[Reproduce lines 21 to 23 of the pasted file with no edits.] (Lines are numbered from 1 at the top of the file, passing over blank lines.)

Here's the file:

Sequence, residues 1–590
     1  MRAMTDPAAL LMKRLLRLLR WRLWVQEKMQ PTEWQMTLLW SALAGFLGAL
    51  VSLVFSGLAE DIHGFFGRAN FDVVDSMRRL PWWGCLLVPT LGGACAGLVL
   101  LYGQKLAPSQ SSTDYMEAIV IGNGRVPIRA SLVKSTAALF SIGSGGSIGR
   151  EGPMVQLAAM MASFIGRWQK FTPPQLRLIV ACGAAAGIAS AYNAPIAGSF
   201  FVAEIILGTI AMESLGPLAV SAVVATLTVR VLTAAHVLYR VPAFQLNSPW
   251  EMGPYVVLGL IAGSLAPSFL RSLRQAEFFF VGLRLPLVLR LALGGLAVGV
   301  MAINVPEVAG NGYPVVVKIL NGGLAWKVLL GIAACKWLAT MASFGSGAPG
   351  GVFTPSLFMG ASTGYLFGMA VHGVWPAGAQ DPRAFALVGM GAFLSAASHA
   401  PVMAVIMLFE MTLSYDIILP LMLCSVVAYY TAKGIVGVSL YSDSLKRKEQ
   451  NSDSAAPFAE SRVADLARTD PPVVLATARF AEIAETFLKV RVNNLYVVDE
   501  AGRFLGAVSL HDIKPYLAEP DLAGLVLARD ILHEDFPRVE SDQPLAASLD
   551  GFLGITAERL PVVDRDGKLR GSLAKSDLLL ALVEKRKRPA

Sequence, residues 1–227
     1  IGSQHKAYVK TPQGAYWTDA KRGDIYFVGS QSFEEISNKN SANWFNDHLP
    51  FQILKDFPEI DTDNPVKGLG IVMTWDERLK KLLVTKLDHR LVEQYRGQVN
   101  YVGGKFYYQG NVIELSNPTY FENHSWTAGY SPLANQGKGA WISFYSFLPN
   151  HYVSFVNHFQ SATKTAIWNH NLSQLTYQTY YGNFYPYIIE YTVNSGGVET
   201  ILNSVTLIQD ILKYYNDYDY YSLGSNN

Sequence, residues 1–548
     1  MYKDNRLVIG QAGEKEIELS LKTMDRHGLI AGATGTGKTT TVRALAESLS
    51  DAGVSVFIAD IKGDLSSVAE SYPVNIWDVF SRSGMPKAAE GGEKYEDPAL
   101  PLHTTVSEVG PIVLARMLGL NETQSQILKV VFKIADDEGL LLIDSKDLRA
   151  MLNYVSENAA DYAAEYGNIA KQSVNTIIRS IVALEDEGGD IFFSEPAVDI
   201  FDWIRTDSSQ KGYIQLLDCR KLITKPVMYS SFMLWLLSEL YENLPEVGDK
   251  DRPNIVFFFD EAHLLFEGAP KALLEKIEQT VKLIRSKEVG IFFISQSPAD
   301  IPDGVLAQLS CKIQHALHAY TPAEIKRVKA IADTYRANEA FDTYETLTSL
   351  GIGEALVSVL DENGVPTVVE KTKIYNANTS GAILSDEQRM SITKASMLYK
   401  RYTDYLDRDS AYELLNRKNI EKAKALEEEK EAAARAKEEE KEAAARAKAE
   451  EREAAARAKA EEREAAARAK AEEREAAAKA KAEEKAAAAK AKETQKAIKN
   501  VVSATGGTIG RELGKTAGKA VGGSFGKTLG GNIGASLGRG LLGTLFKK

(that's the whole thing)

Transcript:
     1  MYKDNRLVIG QAGEKEIELS LKTMDRHGLI AGATGTGKTT TVRALAESLS
    51  DAGVSVFIAD IKGDLSSVAE SYPVNIWDVF SRSGMPKAAE GGEKYEDPAL
   101  PLHTTVSEVG PIVLARMLGL NETQSQILKV VFKIADDEGL LLIDSKDLRA